Wolves: The science behind Premier League newcomers' record-breaking start

Nuno Espirito Santo poses with 14 members of his backroom staff after receiving September's manager of the month award
Nuno Espirito Santo poses with 14 members of his backroom staff after receiving September's manager of the month award

From collecting urine samples before training to administering regular eye tests, nothing about Wolves' record-breaking start to the season has been left to chance.

Never before have a Premier League team named the same starting line-up in their opening nine matches and it all comes down to attention to detail.

And it's paying off - the newly promoted side are ninth in the league and have picked up points against champions Manchester City and last year's runners-up Manchester United.

When head coach Nuno Espirito Santo posed for photos this month, having just been named manager of the month for September, he had plenty of company. Fourteen colleagues surrounded him. It was his idea.

The excellent teamwork on the pitch at Molineux is replicated behind the scenes and Nuno wanted his entire coaching team to share the prize.

Wolves XI
The Wolves XI that has started each of their first nine fixtures in the Premier League this season

No stone unturned

On a behind-the-scenes tour for 5 Live Sport this week, I've had the chance to see first hand the work that has helped Nuno keep the same starting line-up in all nine matches.

An enormous amount of work is happening within the club's sports science and medical departments to keep everyone fresh.

"I want to try to enforce the idea of the team, because it's what we are. We want to make each other better every day and at every moment," head of fitness Antonio Dias says of the coaching and backroom staff.

"We have two close rooms - the physio room and the gym," adds his colleague Joao Lapa, "and we do our best to keep [the players] away from the physio and closer to us and the pitch!"

As with most professional sports operations, there are no stones left unturned at Wolves.

Wolves' head of fitness Antonio Dias
Wolves' head of fitness Antonio Dias spends much of his time in the club gymnasium

On a daily basis, Richard Kirby, first-team strength and conditioning coach, checks on hydration scores and nutritional fuelling.

The players provide urine samples before training and tests indicate which drinks are required as supplements if necessary, based on sodium and sweat-rate.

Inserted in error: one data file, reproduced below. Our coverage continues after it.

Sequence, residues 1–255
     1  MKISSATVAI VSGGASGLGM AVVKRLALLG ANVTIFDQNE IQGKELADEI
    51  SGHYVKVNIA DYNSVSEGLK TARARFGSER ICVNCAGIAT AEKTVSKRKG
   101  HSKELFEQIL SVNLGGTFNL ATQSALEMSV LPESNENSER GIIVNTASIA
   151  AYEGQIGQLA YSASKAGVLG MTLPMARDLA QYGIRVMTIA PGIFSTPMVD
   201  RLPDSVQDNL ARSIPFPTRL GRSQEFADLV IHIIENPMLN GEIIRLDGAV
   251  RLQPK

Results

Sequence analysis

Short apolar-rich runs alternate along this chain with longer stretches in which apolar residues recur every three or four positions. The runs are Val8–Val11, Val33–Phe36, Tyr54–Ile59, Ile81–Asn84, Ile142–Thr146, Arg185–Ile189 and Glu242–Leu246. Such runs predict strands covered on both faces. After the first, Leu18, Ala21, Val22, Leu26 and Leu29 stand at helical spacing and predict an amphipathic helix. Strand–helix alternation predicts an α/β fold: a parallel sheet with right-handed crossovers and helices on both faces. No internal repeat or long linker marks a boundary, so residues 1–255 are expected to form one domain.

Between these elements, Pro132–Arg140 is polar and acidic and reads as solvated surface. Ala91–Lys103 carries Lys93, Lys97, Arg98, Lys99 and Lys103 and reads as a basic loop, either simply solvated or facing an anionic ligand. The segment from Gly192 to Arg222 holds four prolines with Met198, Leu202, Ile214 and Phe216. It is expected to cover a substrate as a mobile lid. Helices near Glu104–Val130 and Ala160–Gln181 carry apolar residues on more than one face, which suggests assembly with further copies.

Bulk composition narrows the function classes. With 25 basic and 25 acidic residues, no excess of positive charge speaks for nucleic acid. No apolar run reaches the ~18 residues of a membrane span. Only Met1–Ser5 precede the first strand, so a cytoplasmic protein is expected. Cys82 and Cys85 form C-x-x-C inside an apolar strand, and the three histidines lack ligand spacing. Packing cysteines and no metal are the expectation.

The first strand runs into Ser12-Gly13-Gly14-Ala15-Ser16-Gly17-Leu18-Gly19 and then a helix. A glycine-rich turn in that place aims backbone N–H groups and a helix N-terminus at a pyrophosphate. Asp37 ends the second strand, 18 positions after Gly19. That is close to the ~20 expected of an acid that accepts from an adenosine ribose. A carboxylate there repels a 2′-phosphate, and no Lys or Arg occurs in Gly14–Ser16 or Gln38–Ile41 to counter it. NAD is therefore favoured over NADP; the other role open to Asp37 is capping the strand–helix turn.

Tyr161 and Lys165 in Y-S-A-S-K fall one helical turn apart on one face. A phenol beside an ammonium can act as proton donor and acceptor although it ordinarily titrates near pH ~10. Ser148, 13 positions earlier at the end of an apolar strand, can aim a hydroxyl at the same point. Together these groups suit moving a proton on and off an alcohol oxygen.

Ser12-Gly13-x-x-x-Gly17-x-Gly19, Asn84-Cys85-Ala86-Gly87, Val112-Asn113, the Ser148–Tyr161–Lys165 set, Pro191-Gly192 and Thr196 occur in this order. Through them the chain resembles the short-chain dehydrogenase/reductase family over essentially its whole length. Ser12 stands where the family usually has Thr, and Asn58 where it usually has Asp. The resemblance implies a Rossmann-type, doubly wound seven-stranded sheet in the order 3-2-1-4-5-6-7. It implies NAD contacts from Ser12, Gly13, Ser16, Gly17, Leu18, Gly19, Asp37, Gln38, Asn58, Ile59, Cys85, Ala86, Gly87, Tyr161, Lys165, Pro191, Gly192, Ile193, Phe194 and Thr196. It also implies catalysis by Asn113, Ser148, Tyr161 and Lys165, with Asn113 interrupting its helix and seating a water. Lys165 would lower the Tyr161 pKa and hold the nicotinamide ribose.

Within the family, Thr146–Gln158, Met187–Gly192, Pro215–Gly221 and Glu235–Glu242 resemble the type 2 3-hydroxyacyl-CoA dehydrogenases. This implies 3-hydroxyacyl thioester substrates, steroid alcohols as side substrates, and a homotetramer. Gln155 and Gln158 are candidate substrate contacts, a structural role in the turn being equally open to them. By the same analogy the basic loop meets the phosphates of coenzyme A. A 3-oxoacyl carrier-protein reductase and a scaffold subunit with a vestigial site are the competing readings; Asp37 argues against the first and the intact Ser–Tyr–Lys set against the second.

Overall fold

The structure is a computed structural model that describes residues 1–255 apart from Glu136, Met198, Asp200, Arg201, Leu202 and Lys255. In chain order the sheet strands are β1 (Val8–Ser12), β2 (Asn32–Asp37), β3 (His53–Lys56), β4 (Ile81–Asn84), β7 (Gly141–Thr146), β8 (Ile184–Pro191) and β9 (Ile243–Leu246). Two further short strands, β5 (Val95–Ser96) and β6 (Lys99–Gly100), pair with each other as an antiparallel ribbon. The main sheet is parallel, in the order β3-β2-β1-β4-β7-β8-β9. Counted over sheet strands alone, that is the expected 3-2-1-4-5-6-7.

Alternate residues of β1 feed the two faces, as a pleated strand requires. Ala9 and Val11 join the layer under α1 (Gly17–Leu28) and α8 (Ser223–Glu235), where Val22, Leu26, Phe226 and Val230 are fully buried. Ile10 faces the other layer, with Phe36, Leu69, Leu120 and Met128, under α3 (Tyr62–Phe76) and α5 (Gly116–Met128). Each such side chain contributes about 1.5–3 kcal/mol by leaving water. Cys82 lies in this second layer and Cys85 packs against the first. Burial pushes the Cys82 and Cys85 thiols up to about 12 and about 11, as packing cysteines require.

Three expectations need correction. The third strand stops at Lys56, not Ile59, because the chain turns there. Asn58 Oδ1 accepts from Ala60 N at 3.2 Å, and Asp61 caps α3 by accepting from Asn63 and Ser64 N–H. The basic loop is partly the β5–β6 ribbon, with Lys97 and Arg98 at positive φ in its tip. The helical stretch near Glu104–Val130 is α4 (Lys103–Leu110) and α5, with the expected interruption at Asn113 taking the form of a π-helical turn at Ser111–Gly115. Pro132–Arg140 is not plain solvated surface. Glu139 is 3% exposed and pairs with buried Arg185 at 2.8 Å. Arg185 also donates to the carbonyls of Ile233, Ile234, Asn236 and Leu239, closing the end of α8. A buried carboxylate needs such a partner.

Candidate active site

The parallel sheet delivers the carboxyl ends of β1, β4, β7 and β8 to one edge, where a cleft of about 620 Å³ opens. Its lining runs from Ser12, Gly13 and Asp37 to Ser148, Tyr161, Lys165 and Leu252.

"A lot of the research suggests that dehydration can give not just mental discrepancies in terms of performance but also the physical fatigue and power outputs are decreased. Having small discrepancies in their hydration scores can have big impacts on the pitch," says Kirby.

GPS analyst Tom Male works for hours each day to assess the data churned out by the little pods the players wear in their training vests, such as distance covered, number of sprints and maximum speeds.

"The GPS unit spits out loads and loads of data about how much work they are doing on a daily basis," says Male.

"We'll analyse it, feed it back to the sports science team and the medical team and it may inform the amount of training they do the next day - for example, how much impact it's having on their mechanical loading so how it's affecting their movement."

A 'badge of honour' for the treatment room

Wolves physio Phil Hayward
Phil Hayward has presided over a quiet pysiotherapy room so far this season

Then there's the programme to improve eye-related performance. Dias explains: "I think with football, almost all the input of information you have in your brain comes from your eyes. The eyes' performance is something we see as quite important."

It's perhaps no surprise that when I enter the treatment room at Compton, the benches are vacant. The consistent team selection since the start of the season is a badge of honour for Phil Hayward and his medical team.

But it doesn't mean players aren't visiting his unit. Far from it.

"Although we have named the same team, there have been times when players have had issues addressed during the week," says Hayward, a Wolves stalwart in his 11th season at the club.

"It might be they don't train the whole week and we have to modify training in some way so, for those players, we're having to work hard to make sure conditions are optimised for that session."

A proactive approach to injury prevention is common place at Premier League clubs, and Wolves is no exception.

"We do a full screen on all the players when they come back from pre-season," Hayward explains.

"We'll get a clear picture of how each player moves, what happens to each of their joints, and according to that we'll have a clearer idea of areas which may be exposed to certain injuries. We'll then put some programmes in place to help prevent those injuries."

The Wolves teamwork is obvious this season. But as Nuno brilliantly highlighted with the group award photo, a successful team stretches way beyond the big salaries and fast cars.

This is a football training ground packed with support staff at the absolute top of their games.

Jonathan Overend's exclusive behind-the-scenes report from Wolverhampton Wanderers will be on 5 Live Sport on Saturday 27 October from 12:00 BST.

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